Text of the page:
Scanning the Countryside: Country’s Buddy
Photo courtesy of the Country Music Hall of Fame and Museum
I was privileged to be on hand in August for all three of Buddy Miller’s Artist-in-Residence shows at the Country Music Hall of Fame’s Ford Theater, the first of which marked the theater’s reopening after its repair from damage in May’s Nashville flooding. These invited “residencies” are honorary—and honored—one-per-year stands in which artists of long standing are given multiple, wide open evenings to present career-spanning shows. Kris Kristofferson chose to get up on consecutive nights and sing some 75 of his own songs. Most honorees, which have included Cowboy Jack Clement, Earl Scruggs, Tom T. Hall, Guy Clark, Jerry Douglas, and Vince Gill, have seized the opportunity to present and appear with their musical cohorts from across the years, and so did Buddy.
A pairing that especially spoke to me was Miller’s set with Lee Ann Womack during the second of the three shows, and in particular, their duet on “Don’t Tell Me.” You’ve probably heard Lee Ann nail that one, which she’s recorded, and she also regularly does the searing “Does My Ring Burn Your Finger.” Both songs are Buddy and Julie Miller compositions. But as a duet with Buddy, “Don’t Tell Me” was different. Ms. Womack has long since learned very well the lessons that paying attention to her vocal hero George Jones can teach–what biting off just the right partial syllable can do for riveting your attention to the emotional point, what that tight, closed-mouth tension in the jaw can add to vocal drama. Her reading of this lyric was typically masterful, and her share of the performance dramatically tense.
Buddy Miller’s central vocal tack is quite different. You could find precedents for his tone in old time country, but his singing is so influenced by ‘60s and ‘70s black gospel and soul that he can sound like Ralph Stanley live in Muscle Shoals. When Miller harmonizes with others, as he often does, it’s rarely via the close, tight harmonies of old time country or white Southern gospel. More often, it’s of the loose and jagged sort right out of R&B–heard in the vocal harmonies of The Impressions or rock’s The Band, for instance. Make no mistake, though; while Miller is generally labeled an Americana artist, he’s known his country songs and singers for decades. (His own tastes inevitably draw him to the most soulful singers in country history—Lefty Frizzell, for instance. Buddy, Lee Ann and Patty Griffin took on Lefty’s “Mom and Dad’s Waltz” in that same set, and it’s Buddy who recently introduced Robert Plant to Frizzell’s Mel Tillis-written single “What You Gonna Do, Leroy?”)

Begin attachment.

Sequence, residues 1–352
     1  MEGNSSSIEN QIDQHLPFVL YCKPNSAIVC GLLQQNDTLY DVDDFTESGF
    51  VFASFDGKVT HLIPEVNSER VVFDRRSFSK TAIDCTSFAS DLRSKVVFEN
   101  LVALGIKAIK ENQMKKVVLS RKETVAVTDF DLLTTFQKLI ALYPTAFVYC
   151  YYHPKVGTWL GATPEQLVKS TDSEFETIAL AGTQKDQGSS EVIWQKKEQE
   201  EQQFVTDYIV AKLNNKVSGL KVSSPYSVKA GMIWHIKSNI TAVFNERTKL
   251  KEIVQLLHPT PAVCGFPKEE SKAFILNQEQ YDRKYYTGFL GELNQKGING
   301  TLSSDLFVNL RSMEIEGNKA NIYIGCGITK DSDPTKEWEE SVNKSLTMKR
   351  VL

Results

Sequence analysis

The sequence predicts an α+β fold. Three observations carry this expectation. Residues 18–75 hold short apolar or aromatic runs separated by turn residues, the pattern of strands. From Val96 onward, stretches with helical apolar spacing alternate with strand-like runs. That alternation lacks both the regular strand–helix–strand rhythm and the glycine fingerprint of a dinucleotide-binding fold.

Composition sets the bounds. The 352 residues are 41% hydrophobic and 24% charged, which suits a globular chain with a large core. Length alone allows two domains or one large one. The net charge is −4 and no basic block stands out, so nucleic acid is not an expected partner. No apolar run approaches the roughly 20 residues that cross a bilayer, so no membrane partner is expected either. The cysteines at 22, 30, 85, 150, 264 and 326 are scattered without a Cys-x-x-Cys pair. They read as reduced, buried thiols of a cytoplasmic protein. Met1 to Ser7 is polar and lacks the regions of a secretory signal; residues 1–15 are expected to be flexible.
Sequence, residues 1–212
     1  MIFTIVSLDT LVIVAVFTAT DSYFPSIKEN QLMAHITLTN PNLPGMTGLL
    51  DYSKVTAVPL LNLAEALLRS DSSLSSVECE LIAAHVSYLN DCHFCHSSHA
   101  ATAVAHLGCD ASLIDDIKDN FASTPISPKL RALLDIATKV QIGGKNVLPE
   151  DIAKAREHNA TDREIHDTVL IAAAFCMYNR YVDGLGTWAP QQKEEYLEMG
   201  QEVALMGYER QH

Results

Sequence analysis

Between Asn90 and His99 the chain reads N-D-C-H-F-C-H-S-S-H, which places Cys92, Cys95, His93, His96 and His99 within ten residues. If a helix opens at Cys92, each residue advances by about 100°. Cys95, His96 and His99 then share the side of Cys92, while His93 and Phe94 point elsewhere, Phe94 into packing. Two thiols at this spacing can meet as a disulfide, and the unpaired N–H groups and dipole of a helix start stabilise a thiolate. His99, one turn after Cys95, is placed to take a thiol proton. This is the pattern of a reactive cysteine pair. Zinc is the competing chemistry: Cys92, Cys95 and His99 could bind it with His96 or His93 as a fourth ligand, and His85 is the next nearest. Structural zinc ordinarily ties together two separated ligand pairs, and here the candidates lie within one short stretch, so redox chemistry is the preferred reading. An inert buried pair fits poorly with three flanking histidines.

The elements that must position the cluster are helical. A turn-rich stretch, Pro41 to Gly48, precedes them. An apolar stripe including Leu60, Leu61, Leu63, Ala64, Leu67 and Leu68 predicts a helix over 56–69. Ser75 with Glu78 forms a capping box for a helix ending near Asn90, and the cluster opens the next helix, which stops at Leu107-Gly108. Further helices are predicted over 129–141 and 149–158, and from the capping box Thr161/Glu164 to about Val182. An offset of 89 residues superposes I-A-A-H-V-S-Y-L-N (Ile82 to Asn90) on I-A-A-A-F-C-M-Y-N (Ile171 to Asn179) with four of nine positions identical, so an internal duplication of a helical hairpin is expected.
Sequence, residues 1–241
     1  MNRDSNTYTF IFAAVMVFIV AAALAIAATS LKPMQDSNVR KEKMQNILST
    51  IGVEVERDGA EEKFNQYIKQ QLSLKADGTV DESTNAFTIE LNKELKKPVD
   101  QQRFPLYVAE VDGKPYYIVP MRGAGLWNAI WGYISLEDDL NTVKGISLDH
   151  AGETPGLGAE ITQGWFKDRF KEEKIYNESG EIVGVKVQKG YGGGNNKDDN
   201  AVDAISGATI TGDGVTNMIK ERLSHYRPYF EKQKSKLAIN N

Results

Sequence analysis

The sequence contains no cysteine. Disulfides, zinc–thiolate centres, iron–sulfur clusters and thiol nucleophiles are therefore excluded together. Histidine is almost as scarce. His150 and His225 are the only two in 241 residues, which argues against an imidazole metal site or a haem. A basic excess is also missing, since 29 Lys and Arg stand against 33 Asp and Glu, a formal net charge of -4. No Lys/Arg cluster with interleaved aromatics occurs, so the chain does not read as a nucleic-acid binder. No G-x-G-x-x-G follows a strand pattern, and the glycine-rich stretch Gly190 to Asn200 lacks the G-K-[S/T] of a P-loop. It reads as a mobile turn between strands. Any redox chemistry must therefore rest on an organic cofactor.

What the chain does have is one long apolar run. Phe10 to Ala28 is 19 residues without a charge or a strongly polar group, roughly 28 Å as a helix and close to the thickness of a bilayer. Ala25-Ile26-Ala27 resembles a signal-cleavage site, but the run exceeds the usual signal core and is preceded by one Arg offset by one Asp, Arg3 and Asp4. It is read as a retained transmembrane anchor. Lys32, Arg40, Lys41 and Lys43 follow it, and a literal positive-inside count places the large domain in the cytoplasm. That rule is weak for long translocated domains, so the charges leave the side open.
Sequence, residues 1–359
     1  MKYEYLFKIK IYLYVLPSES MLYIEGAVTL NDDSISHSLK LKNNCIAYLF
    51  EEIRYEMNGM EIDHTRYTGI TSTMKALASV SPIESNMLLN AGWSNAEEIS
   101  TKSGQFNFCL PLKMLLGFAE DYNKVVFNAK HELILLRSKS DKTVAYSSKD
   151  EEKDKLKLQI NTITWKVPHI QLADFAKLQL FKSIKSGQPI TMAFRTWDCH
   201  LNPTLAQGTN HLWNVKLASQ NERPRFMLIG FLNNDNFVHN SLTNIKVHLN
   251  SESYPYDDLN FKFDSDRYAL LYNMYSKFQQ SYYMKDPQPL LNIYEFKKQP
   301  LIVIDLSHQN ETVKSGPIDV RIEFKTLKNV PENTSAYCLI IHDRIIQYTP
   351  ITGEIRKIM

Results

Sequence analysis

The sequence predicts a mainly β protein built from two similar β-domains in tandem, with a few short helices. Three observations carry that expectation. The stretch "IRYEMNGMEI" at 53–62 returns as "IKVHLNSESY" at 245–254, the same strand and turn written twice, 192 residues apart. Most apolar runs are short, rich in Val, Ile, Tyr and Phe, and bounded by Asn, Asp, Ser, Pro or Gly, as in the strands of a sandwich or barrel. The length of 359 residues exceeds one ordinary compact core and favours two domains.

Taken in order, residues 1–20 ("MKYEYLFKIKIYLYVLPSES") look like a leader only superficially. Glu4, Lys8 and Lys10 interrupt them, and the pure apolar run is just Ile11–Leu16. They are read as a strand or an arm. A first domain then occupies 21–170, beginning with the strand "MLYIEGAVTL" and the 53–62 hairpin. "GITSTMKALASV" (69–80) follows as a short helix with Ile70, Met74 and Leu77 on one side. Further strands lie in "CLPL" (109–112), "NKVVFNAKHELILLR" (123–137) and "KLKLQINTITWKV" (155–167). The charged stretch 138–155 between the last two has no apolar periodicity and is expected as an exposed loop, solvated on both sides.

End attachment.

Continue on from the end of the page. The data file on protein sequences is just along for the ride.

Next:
In their give-and-take pairing of tension and release, the precise and the loose in harmony, Miller & Womack offered up something profoundly fresh and moving. What exactly was going on there? That same evening, Darrell Scott, the triple-threat vocalist, instrumentalist and songwriter (“You’ll Never Leave Harlan Alive”) told the audience, “I recognized, in Buddy Miller, country music taken to its roots—which is not always understood in this town.” Hall of Fame and Museum Director Kyle Young, in his introduction to the night, had predicted a “festival of roots music.” Over the course of three evenings, that “festival” included such Miller cohorts as Bill Frisell from Buddy’s jazzy, modernizing country outfit “The Majestic Silver Strings” which has an album due out next year, his frequent back-up singers, the gospel-oriented McCrary Sisters, Emmylou Harris, for whom he was lead guitarist in her band Spyboy, and Jim Lauderdale and Shawn Colvin, artists Buddy was playing honky tonk with in New York bars as long as 35 years ago.